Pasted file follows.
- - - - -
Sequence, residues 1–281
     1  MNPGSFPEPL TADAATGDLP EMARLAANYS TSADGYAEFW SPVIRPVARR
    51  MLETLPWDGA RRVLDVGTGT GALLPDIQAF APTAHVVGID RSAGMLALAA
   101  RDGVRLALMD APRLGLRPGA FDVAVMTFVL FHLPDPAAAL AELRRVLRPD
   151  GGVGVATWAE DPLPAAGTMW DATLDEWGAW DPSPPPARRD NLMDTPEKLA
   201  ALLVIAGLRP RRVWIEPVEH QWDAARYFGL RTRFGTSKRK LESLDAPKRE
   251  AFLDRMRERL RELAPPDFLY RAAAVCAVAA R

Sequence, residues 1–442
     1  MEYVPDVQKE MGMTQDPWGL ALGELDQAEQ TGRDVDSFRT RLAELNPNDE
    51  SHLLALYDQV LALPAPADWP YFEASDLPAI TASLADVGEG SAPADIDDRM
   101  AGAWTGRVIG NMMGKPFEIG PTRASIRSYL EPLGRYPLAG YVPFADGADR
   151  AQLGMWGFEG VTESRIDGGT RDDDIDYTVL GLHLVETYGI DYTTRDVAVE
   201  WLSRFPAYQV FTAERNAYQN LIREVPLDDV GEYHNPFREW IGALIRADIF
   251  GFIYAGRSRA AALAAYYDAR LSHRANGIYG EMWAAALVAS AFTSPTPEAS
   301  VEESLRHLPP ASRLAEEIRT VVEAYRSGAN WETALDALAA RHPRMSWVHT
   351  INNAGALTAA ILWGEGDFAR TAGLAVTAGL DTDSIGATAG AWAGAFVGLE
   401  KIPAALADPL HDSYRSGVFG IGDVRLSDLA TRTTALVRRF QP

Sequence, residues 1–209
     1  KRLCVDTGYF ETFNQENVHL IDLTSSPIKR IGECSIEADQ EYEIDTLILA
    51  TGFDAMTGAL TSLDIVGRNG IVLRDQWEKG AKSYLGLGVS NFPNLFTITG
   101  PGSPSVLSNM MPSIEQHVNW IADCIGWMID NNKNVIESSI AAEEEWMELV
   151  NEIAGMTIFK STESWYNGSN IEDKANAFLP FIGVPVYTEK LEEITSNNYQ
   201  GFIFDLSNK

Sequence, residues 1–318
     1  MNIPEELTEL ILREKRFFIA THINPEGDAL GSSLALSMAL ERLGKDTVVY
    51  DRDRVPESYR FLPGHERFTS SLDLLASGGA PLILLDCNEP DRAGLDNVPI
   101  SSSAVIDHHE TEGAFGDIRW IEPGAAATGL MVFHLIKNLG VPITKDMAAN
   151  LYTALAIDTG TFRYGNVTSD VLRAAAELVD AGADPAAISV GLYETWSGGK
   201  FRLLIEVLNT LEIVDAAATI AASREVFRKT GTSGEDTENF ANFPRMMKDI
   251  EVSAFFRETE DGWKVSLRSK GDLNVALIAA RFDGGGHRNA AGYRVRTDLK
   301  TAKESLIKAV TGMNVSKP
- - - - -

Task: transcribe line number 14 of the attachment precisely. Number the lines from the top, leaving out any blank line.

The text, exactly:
   251  GFIYAGRSRA AALAAYYDAR LSHRANGIYG EMWAAALVAS AFTSPTPEAS